This blog is a quick read for those trying to understand the basics of US crypto tax. Recap does not provide advice and we always recommend that you speak to a CPA about your individual cryptocurrency tax circumstance.
Your asking the question, so chances are, yes you do. Basically, if you have sold, converted, paid, donated or earned using crypto you may owe tax. Even if you have just bought and are a Hodlr it’s worth checking as you may need to declare this on your tax return. The amount of tax you need to pay depends on how long you have held the crypto – short term (less than a year) or long term (one year plus) and your ordinary income tax rate.
Exchanges are having to be more transparent because of growing worldwide pressure to regulate cryptocurrency. However, ultimately the IRS holds you responsible for reporting your own crypto income and transactions and you could face penalties or interest on tax owed if caught out.
The IRS uses the term “virtual currency” to describe cryptocurrency and generally treats it in the same way as property for tax purposes. Therefore anytime that you dispose of a cryptocurrency you are subject to capital gains or losses.
Capital gains tax should be reported on Form 8949 and Form 1040 Schedule D of the tax return. Your gain or loss is the difference between your selling price and purchase price (aka cost basis). As you would expect, if there is an increase in value at the time of disposal then it is treated as a gain and if there is a decrease then you have a loss. Any losses can be deducted against capital gains.
It sounds a fairly straight forward process but gets complicated for crypto traders who have lots of transactions because:
There are different approaches to cost basis; the most well known are FIFO, LIFO, SpecID, HIFO and LOFO. You should choose one method and use it consistently to calculate your capital gains.
FIFO – First In First Out is the most common method and is preferred by the IRS. It assumes that the first assets you purchased are the ones you are disposing of and therefore you use the price paid for the oldest assets in your portfolio to calculate your gain/loss.
Find out more about Capital Gains Tax and Cost Basis Methods here.
Cryptocurrency that you have not “bought” can be classed as income and reported as “other income” on Form 1040 Schedule 1. Hard forks, airdrops and interest generated from lending crypto are all examples of income from cryptocurrency and should be reported in this way.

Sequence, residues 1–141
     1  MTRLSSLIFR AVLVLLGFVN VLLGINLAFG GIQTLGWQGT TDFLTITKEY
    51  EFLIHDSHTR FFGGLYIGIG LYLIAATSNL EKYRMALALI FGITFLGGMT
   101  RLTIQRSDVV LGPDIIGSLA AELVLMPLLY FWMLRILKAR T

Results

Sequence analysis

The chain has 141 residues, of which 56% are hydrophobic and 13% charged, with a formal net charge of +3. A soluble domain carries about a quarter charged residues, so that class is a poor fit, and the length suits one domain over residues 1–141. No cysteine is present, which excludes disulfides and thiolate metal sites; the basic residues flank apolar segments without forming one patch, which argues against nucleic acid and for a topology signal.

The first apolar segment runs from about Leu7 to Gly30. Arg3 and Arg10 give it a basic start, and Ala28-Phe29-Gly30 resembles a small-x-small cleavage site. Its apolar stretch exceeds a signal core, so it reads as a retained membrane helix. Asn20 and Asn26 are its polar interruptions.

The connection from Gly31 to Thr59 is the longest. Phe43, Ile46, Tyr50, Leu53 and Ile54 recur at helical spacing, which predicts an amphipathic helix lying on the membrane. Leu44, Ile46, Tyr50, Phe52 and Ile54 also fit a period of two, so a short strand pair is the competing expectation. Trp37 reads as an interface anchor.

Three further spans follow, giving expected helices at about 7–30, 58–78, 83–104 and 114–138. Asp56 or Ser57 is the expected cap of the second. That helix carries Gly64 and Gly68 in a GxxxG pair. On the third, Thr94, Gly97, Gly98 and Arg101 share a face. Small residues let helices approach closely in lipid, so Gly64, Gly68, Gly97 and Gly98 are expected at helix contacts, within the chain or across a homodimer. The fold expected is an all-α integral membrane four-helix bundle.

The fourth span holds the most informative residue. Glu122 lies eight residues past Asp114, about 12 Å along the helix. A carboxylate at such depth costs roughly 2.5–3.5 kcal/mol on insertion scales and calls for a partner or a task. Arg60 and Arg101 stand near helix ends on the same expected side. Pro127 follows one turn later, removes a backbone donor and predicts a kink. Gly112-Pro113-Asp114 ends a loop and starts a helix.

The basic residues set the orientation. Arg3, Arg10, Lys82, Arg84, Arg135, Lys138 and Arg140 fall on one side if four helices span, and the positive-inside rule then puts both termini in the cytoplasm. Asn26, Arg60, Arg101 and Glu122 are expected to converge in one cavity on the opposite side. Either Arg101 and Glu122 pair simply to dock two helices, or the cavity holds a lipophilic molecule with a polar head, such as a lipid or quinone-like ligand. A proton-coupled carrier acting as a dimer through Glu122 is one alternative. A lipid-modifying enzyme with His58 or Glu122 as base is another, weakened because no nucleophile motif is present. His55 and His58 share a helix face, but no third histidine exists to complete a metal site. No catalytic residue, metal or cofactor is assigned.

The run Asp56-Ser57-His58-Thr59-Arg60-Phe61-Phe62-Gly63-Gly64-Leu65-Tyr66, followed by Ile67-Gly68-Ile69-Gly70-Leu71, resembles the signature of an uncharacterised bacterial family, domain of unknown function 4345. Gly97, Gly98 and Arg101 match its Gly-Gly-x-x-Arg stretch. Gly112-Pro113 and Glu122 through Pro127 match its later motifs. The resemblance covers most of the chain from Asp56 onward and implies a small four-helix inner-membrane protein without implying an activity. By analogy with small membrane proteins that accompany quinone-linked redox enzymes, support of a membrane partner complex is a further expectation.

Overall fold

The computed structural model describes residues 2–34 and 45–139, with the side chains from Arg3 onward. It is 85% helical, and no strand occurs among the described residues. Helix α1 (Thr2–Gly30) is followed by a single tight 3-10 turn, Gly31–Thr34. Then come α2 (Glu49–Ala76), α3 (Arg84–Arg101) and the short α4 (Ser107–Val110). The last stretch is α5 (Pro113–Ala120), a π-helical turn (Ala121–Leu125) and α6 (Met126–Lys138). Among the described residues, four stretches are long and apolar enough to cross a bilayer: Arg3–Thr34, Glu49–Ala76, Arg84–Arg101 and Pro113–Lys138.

Mining, staking and masternodes activity also generate cryptocurrency income but you must first determine your level of activity. If you classify as a hobbyist miner, you can report income on Form 1040 Schedule 1, business miners should use Schedule C Profit or Loss from Business instead.
Cryptocurrency Trading Fees Incidental costs of purchase and disposal can be deducted from capital gains. There isn’t much guidance from the IRS yet but we would assume related costs such as Trading Fees are acceptable but transfer fees are not.
Expenses Cryptocurrency miners can deduct their expenses however the amount allowed and what is acceptable varies depending on if they are classed as a hobbyist or business miner.
Donating to charity If you donate to a qualified charity then you can claim a charitable deduction of the fair market value at the time of donation. The amount deducted depends on how long you held the crypto for.
Offset your losses You can deduct any capital losses against capital gains, including non-crypto gains. If your losses are higher than your gains then you can also use any remaining losses against your income, up to $3,000 per year. Losses also carry over to the following year.
Tax Loss Harvesting If you have purchased cryptocurrency that has since nose-dived in value then you can strategically sell it to realise your losses and then buy back straight away to offset your gains. Doesn't sound legitimate and there is a rule called the Wash Sale Rule to prevent this for Stocks and Shares but as the IRS classes Cryptocurrency as property this does not apply. Technically it is legal but we would highly recommend speaking to a tax professional before acting.
You should report your cryptocurrency tax on Form 8949 and Form 1040 Schedule D for capital gains and Form 1040 Schedule 1 for income. The IRS deadline for filing is the 15th April. Should you miss the deadline there are two penalties - one for filing late and one for paying late. Penalties can escalate fast as interest accrues, so it is worth getting on top of things as soon as possible.
Coronavirus Update 23/03/2020: The IRS have extended the deadline by three months to support those affected financially by the outbreak. The federal income tax filing due date is now July 15. Normal penalties will be applied after this date and an extension must still be applied for if needed.
One of the most important messages to come from the sudden worldwide regulation on cryptocurrency is the importance of keeping records of all activity. You should be responsible for your own data and be proactive in exporting a copy from exchanges and wallets that you use on a regular basis. Additionally keeping this data even after submitting tax returns for the relevant year is vital to aid any IRS compliance checks or to find cost basis’ for future tax returns.
The Recap app securely manages cryptocurrency data and calculates ypur gain/loss based on your chosen cost basis method. You can download a ready to file Form 8949 and file yourself or pass on our report to your CPA and they will be able to complete the Tax Return and advise on your tax position, based on your specific circumstances.
Recap is a tool that you can use year round to keep track of your whole portfolio - as cryptocurrency regulation increases this will help you to optimize your tax as well as your crypto investments.